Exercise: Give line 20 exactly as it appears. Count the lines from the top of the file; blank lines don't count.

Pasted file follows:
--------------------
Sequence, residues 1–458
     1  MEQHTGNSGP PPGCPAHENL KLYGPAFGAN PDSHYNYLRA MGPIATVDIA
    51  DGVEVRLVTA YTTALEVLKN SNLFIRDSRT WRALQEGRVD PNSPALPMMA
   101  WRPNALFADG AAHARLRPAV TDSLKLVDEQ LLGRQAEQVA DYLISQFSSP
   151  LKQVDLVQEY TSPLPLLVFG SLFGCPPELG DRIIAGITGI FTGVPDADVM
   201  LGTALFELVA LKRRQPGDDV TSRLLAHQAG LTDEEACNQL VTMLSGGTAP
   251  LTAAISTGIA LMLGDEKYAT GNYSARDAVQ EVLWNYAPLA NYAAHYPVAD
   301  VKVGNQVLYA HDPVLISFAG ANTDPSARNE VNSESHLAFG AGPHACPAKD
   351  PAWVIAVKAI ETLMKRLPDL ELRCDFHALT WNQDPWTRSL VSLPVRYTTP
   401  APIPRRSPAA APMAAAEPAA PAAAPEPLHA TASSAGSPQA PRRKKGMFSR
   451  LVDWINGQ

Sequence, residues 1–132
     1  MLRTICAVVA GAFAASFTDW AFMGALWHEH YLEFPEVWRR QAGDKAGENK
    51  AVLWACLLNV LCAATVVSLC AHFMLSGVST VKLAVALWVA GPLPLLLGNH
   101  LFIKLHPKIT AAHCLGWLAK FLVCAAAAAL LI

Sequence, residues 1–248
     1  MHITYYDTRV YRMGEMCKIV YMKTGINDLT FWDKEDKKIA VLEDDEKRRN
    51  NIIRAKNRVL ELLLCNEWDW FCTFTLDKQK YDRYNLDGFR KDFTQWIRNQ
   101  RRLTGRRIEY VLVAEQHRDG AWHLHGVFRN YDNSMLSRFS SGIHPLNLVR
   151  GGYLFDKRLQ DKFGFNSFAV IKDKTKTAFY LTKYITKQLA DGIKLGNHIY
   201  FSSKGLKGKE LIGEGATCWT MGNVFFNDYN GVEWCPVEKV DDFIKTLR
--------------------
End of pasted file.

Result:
   151  GGYLFDKRLQ DKFGFNSFAV IKDKTKTAFY LTKYITKQLA DGIKLGNHIY